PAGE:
There's a lot of money left, and Claire and her husband want to give the rest of it away. Claire wants to do everything she can to protect the outdoors she grew up in. But where should she start? How does she know which organizations will make the best use of her money, and how can she or any of us align personal investments with values?

To guide Claire on her journey, we have Mike from our San Francisco office. Mike is a managing director and private wealth advisor at Morgan Stanley. He specializes in managing wealth for ultra high net worth families , think tens of millions of dollars in net worth.

But his career started in a place far from the world of finance.

Mike: I was actually a marine biologist. I grew up wanting to be Jacques Cousteau. I got certified to scuba dive when I was 13. Did my undergraduate marine biology, and then, uh, career pivot into finance.

Jamie: But like Claire, his love for nature stuck with him.

Mike: It's just heartfelt. When I'm. In the water, or backpacking, or just, out in the world. I'm just constantly amazed, by the biodiversity. And obviously the world's got lots of issues now, so, I feel like I can use my experience. Um, Success, you know, both personally and helping a lot of our clients, to do good work in the world.

Jamie: Mike's science training left him with a love for crunching numbers. So much so that Mike and his team earned the nickname, the planning geeks.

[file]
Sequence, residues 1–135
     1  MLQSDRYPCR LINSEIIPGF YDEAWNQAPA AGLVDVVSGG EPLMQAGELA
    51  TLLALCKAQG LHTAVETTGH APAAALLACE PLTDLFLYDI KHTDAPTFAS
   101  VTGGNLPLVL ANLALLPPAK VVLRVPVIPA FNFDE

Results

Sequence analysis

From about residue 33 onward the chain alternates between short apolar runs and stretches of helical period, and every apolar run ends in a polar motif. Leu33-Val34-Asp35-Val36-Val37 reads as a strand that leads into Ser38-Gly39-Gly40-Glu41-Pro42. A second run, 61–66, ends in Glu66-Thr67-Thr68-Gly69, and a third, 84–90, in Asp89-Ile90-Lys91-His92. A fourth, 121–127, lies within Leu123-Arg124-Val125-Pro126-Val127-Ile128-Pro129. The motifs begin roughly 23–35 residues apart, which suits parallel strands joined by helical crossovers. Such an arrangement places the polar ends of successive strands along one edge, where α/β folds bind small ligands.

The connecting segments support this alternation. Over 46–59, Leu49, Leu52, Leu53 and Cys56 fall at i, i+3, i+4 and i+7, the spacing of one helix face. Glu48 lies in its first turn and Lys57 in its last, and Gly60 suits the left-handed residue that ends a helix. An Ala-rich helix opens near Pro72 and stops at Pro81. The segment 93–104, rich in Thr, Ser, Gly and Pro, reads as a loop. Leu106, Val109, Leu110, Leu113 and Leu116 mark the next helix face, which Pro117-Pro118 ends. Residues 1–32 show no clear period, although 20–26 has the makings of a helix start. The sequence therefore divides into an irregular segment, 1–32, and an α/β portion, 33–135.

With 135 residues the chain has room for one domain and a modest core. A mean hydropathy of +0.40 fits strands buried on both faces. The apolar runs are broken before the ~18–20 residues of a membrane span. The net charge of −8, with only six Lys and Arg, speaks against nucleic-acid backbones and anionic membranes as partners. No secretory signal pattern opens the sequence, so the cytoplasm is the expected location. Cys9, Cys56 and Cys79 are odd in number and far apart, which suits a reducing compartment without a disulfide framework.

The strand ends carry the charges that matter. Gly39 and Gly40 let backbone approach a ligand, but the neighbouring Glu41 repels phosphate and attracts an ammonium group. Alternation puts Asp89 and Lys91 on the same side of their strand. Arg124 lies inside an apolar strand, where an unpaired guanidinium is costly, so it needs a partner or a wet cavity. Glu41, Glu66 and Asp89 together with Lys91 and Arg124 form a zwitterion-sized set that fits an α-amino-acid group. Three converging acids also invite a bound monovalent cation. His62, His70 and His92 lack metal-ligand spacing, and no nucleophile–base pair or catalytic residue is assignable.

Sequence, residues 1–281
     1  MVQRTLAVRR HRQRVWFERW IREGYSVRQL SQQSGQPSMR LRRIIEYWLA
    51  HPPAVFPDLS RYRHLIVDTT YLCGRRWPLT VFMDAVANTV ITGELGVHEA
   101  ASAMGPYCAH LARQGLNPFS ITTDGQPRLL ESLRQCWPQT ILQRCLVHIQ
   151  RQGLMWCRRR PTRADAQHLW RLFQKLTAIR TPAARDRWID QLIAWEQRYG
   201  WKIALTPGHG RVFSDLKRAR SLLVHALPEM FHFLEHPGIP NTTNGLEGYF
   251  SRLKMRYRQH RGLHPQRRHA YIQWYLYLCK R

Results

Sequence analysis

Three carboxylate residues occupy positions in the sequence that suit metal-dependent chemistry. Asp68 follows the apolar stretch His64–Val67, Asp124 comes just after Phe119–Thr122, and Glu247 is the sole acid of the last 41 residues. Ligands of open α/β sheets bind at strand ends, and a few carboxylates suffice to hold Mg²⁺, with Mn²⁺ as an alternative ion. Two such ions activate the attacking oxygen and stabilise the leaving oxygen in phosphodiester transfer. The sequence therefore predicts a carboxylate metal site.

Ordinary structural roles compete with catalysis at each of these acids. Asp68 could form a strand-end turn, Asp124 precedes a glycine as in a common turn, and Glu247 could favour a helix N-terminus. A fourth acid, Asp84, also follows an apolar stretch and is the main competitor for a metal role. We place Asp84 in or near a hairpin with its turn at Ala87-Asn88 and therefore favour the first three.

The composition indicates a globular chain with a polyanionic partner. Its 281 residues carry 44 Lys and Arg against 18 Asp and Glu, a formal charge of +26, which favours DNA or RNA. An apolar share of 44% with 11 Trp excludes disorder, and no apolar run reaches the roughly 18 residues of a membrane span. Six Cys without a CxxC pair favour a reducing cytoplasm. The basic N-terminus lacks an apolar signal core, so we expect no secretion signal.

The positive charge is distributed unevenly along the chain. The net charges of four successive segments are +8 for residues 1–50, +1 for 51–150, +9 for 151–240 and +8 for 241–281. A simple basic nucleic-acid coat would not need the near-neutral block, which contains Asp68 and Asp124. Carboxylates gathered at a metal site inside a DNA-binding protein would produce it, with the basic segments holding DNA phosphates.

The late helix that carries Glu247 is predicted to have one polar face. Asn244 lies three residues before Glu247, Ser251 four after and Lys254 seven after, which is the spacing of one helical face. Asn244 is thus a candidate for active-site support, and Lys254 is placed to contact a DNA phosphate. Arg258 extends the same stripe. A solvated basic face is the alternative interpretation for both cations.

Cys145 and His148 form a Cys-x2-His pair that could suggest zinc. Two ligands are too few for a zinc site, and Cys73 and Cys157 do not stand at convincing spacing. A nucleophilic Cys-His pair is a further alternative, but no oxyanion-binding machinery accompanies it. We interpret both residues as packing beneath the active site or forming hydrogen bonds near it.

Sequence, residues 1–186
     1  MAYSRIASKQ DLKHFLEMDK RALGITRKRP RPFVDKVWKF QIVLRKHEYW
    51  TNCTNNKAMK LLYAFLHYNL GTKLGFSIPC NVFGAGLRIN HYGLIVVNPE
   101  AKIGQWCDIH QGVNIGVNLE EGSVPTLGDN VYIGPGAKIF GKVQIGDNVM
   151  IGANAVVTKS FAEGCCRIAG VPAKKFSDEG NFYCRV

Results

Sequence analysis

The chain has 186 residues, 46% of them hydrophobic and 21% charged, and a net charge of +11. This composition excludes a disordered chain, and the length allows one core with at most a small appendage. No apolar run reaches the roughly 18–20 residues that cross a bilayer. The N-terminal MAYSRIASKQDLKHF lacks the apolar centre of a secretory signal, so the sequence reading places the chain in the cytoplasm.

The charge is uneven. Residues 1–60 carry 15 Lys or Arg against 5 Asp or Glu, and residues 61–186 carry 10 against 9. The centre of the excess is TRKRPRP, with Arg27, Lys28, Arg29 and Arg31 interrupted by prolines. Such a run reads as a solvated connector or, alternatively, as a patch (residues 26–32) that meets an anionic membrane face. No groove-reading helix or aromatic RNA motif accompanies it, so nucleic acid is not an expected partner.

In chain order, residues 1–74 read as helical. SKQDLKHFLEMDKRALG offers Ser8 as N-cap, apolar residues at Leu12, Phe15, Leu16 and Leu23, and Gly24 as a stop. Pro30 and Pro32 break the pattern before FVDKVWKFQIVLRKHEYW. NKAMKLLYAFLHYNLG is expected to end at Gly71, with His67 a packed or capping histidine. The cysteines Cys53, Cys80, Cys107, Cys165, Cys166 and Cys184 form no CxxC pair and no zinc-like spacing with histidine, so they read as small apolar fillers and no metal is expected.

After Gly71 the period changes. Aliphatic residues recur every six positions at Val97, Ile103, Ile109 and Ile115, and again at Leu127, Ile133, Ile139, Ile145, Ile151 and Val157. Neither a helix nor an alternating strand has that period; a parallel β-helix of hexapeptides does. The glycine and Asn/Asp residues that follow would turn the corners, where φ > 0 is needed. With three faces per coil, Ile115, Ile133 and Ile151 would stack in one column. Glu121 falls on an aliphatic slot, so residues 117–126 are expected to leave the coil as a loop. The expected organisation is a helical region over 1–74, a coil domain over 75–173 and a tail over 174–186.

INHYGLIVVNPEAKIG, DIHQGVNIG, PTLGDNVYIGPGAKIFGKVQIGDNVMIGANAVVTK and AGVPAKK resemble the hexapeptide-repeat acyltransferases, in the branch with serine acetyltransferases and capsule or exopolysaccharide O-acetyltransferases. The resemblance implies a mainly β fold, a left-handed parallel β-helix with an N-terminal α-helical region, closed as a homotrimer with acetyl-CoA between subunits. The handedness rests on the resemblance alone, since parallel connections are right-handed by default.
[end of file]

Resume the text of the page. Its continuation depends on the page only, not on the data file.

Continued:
Mike: I can't really think without a spreadsheet. You Our team We always say we like to measure twice and cut once, maybe measure three times and cut once. So we just love to do a deep dive, lots of modeling and our job really is to be the experienced captain and crew and help you build the right, boat for the voyage so that you get to your goals and can make course corrections, but can also deal with whatever the world throws at you along the way.

Jamie: Obviously Claire and Mike have a lot in common. Let's dive in.

Mike: Hi, Claire. Great to meet you.

Claire: Wonderful to meet you, Mike.

Mike: So I guess, the first thing Claire is, on the philanthropic side, it sounded like you're still exploring where you want to provide support, or do you have a really strong sense of, organizations that you, love and are comfortable giving large sums to now?

Claire: I have done a lot of exploring and giving to different organizations. I have a lot of energy and time now to give more away now. And then. Taper off when I'm older. And then, I have endless, you know, ideas

Mike: no, no shortage of where to give

Claire: to give it.

Mike: I think the way we would start is first, to back up a step, it's thinking about what philanthropic vehicle to work from. The vast majority of clients, end up using a donor advised fund, which is a effectively a charitable vehicle that you make contributions to

Jamie: A donor-advised fund or a DAF is a tool to structure philanthropic giving. There are some tax considerations, so speak to your own tax advisor when considering a daf, but there are many benefits to setting up a DAF rather than making donations directly to charitable organizations. If, like Claire, you're not sure exactly what organizations you intend to donate to, a DAF enables you to make tax deductible contributions to the fund while you're still planning out your giving strategy.

Mike: And then the assets can grow. You can build a portfolio, within your donor advised fund, and then use that to make grants from that vehicle. For most clients that, tends to be a better choice than a private foundation. You get better tax deductibility, less administrative complexity.

Jamie: Mike says Claire could even get her college aged kids involved.